To confirm the enrichment of F10 variants among controls, we decided to focus on p.E142K, which was the most frequent among the deleterious variants (Online Supplementary Table S2). Indeed, in the ATVB cohort, we found a total of 35 carriers, corresponding to 0.72% of cases versus 1.26% of controls (P=0.127, OR=0.57, 95% CI: 0.26–1.2; Figure 3A). We hence genotyped by high-resolution melting analysis the p.E142K variant (for details, see the Online Supplementary Materials and Methods) in an Italian replication cohort. This comprised 1,113 patients with angiographically documented CAD and 457 healthy controls (CAD-free), without any angiographic evidence of atherosclerosis, collected by the Verona Heart Study (VHS). The clinical characteristics of this population are shown in the Online Supplementary Table S3. In the VHS, we identified a significantly higher proportion of heterozygous subjects in the CAD-free group compared to cases (1.54% vs. 0.27%, P=0.009, OR=0.18, 95% CI: 0.03–0.78) (Figure 3A). A meta-analysis of the 2 cohorts clearly highlighted a protective effect of the p.E142K allele (P=0.010, OR=0.45, 95% CI: 0.24–0.88) (Figure 3A–B).
The striking six-fold increase in the p.E142K frequency observed among angiographically-documented CAD-free subjects suggests the intriguing hypothesis that this variant might impact primarily on FXa functions related to atherogenesis, rather than on those related to thrombosis. Indeed, apart from in the liver, FX is also produced locally by VSMC, EC, and inflammatory cells in atherosclerotic plaques;11 FXa stimulation is able to initiate senescence in VSMC/EC, and to induce the production of inflammatory cytokines, which impairs tissue regeneration by PAR-1 and PAR-2 signaling. By blocking FXa-mediated activation of these receptors, cell senescence and the production of inflammatory mediators are inhibited.16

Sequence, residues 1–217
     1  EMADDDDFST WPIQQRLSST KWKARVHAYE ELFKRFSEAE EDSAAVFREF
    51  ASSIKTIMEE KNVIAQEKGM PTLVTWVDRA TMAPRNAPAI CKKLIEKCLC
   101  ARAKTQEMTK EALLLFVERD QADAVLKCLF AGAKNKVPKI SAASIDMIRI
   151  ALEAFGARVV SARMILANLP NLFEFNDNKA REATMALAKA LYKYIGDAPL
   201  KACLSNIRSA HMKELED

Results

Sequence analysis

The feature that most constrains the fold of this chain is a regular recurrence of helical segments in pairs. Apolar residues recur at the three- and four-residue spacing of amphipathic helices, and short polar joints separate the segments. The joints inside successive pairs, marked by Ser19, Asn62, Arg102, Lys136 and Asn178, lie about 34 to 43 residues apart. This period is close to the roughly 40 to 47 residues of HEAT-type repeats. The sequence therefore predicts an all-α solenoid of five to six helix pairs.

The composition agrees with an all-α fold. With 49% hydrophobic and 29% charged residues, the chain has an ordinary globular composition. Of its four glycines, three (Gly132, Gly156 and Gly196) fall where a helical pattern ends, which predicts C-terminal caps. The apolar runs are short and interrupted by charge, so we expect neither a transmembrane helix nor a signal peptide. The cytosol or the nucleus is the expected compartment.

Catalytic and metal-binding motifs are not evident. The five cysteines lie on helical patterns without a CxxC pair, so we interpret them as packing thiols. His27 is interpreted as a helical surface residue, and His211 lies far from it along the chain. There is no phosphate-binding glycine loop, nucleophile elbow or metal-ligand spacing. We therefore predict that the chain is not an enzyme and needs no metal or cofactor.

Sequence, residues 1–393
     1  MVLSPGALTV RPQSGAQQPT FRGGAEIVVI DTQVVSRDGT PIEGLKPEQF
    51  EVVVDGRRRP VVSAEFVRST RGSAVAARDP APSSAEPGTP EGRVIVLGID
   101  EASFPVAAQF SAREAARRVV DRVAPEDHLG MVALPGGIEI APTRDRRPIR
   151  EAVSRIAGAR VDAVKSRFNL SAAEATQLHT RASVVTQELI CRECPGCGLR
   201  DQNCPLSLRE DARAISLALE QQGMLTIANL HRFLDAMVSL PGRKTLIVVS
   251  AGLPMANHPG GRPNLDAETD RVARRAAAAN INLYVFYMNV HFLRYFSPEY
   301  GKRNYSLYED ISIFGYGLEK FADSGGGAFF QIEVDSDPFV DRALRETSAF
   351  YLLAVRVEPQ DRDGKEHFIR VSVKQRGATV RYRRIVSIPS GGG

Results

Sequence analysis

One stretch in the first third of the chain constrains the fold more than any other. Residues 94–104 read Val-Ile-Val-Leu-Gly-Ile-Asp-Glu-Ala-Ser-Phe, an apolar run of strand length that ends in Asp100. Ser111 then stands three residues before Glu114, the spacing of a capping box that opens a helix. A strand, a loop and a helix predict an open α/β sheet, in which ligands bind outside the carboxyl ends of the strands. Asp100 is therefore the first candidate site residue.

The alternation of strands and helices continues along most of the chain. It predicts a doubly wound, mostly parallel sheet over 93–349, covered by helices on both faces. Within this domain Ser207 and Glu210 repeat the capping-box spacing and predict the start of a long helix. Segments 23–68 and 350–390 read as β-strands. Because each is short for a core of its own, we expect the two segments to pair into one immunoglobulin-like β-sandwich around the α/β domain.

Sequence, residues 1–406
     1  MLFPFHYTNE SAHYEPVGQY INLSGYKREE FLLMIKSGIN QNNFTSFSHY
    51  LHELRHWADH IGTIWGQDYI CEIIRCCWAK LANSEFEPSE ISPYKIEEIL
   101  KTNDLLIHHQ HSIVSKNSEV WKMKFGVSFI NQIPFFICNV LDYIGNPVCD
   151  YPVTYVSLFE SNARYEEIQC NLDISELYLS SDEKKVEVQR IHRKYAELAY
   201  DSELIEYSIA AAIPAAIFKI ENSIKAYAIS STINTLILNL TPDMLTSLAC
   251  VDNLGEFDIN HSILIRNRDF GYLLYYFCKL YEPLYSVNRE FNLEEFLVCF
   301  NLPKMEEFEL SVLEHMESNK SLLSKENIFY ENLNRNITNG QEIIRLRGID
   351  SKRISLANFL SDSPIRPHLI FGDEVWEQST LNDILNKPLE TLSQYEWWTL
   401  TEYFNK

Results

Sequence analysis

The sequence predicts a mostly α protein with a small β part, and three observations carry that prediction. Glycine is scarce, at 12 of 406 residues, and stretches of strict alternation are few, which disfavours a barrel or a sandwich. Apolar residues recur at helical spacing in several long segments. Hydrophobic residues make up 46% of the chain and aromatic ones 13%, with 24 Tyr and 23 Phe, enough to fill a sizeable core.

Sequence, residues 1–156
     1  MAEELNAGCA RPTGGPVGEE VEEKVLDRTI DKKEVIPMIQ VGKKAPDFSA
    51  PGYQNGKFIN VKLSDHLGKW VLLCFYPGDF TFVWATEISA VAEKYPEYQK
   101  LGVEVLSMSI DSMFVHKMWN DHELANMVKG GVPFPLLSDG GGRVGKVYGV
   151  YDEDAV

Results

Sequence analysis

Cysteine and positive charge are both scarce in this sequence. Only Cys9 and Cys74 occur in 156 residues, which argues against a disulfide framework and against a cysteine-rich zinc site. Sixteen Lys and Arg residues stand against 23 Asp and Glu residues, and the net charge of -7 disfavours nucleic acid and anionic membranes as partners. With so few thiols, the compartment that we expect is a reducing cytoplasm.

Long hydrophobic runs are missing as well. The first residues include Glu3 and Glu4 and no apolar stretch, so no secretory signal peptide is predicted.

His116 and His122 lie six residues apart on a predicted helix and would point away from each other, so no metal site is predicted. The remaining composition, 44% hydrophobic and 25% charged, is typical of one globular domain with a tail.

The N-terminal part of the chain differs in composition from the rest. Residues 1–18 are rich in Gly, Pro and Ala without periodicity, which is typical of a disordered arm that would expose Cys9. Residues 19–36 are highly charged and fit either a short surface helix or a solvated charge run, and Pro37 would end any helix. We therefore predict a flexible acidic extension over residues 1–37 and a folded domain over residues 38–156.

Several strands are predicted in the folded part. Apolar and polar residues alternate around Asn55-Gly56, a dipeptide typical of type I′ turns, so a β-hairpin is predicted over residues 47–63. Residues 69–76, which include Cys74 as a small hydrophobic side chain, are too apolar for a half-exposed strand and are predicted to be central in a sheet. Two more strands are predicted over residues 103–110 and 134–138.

Evidently, we have to acknowledge the limits of our work, which is an exploratory study based on a total of “only” 5,100 individuals, and should be hence further replicated in independent cohorts. Unfortunately, we were unable to confirm our results by using publicly available myocardial infarction (MI) MI/CAD datasets (i.e. http://www.cardiogramplusc4d.org/data-downloads). Here, data are given on “aggregate” phenotypes and focused on common rather than rare variants and, as such, signals on F10 are overall flat. Instead, in the light of our observations (especially in the older VHS cohort), association/burden studies should be performed considering large-effect rare variants on angiographically-documented CAD-free versus CAD individuals.
In conclusion, we showed for the first time that rare variants lowering FX levels are associated with a reduced risk of MI/CAD, thus supporting the role for this coagulation factor in the development of atherosclerosis. The reduced frequency of F10 mutations in MI/CAD patients also reduces the potential risk of using FXa inhibition in unknown carriers of mild FX deficiency. Our study further stresses the utility to exploit human genetic variations impacting on drug-target genes as a proxy of the effect of pharmacological inhibition of the gene product in a life-long “experiment of nature”.